• Custom Profile Filters for BuddyPress allows users to customize the way that their profile interests become links
  • Enhanced BuddyPress Widgets. Lets the admin decide the default state of BP widgets on the front page.
  • Forum Attachments for BuddyPress. Another of our most important BP plugins, this one allows users to share files via the group forums.
  • Group Forum Subscription for BuddyPress. This is our legacy email notification system, which is going to be in place until I get back from my honeymoon and can replace it 🙂
  • Invite Anyone lets our users invite new members to the community and makes it easier to populate groups.

Questions about any of these plugins or how they work with BuddyPress? Ask in the comments.

Welcome to the AC Dev Blog

I’m proud to announce the opening of the CUNY Academic Commons Development blog, which will track new technical developments on the Commons website.

The Commons is one of a number of academic projects in recent years that have sought to foster online communities in university settings.  As George Otte, our fearless (and peerless) leader, has pointed out, the structural make-up of CUNY — the largest urban university in the world, with 23 campuses and a quarter of a million students — makes this project not just desirable, but also necessary for the university system.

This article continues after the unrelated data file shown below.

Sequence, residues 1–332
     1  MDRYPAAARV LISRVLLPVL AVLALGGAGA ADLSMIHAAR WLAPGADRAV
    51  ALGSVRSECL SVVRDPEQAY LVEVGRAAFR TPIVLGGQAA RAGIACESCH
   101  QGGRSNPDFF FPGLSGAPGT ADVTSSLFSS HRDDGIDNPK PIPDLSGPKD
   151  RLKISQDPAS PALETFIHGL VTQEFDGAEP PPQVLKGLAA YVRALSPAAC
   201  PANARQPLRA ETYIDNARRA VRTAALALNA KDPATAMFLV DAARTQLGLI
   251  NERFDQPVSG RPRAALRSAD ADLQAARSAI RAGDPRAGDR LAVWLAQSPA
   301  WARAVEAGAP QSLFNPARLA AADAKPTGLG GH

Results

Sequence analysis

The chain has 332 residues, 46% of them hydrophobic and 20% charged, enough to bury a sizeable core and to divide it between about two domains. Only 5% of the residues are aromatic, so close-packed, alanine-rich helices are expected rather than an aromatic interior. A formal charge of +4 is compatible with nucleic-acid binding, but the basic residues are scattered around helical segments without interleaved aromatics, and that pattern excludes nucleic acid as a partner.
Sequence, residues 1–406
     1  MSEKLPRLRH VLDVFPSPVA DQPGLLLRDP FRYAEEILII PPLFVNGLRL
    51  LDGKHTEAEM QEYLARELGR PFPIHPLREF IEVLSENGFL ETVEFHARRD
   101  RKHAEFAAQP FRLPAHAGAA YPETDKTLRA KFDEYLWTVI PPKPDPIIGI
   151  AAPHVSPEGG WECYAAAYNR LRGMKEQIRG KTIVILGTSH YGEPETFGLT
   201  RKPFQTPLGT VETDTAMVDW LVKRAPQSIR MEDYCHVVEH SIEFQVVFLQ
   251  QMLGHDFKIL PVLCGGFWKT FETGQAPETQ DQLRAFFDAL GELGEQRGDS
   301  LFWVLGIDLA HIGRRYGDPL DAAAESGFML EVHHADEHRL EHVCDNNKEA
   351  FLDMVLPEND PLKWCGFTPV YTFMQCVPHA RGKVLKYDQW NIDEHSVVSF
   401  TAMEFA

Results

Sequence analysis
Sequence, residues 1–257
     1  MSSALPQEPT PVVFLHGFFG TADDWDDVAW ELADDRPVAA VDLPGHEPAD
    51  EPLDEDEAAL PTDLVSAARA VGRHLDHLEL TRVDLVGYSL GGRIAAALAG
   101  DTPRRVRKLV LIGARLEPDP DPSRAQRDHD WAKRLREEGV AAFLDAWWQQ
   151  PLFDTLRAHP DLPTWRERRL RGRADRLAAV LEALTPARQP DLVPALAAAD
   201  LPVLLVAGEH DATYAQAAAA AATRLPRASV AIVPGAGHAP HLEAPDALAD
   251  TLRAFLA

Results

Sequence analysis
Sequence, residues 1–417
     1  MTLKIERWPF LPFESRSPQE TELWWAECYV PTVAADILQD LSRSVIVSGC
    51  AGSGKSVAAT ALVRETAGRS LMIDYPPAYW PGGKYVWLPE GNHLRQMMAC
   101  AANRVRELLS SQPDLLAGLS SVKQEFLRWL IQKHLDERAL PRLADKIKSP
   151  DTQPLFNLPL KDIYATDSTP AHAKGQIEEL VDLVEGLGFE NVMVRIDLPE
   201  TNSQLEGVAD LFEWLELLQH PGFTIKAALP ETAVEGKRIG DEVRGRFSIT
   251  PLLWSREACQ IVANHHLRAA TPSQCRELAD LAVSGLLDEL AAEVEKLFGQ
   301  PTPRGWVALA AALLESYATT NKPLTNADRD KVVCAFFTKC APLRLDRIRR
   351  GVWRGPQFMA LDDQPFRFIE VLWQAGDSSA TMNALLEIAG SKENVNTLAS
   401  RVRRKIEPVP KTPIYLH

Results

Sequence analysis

What’s exciting about this moment at CUNY is that we’re (finally) seeing the rise of a number of open-source projects across the system.  By choosing to construct the Academic Commons using a connected series of open-source platforms, we have engaged the growing movement of open education (join our local Open Education group here).  Such efforts, I would argue, represent a twenty-first century extension of CUNY’s longstanding mission of making knowledge public, accessible, and affordable.

The remarkable thing about open source software–and, really, what defines it as open source–is that the code behind the program is released freely to users, who can then look at it and customize it for their needs. This is in contrast to a model of proprietary software, in which users are powerless to implement fundamental changes to the system without the help of the company that made the product.

Here at the Commons, we took a “small pieces loosely joined” approach, in which we have assembled a best-in-breed series of platforms (WordPress Multi-User + BuddyPress + BbPress + MediaWiki) and cobbled together a way for them them all work together. As we’ve tested out this system, we’ve found many things that work well, and other things that don’t. And as we find things that don’t work, we create custom plugins and extensions to fix the underlying problems.

The wonderful thing about open-source systems is that communities of developers and users tends to form around them in order to share their work and improve their websites. To truly be part of the open-source movement, we can’t just take–we have to give. And so, one reason we created this particular blog is to use it to release our custom code to the larger open-source community. That way, others can build on our work, just as we have built on theirs.

We have some exciting extensions to announce in the very near future, so please stay tuned.

Up next:  introducing the CUNY Academic Commons Development Team.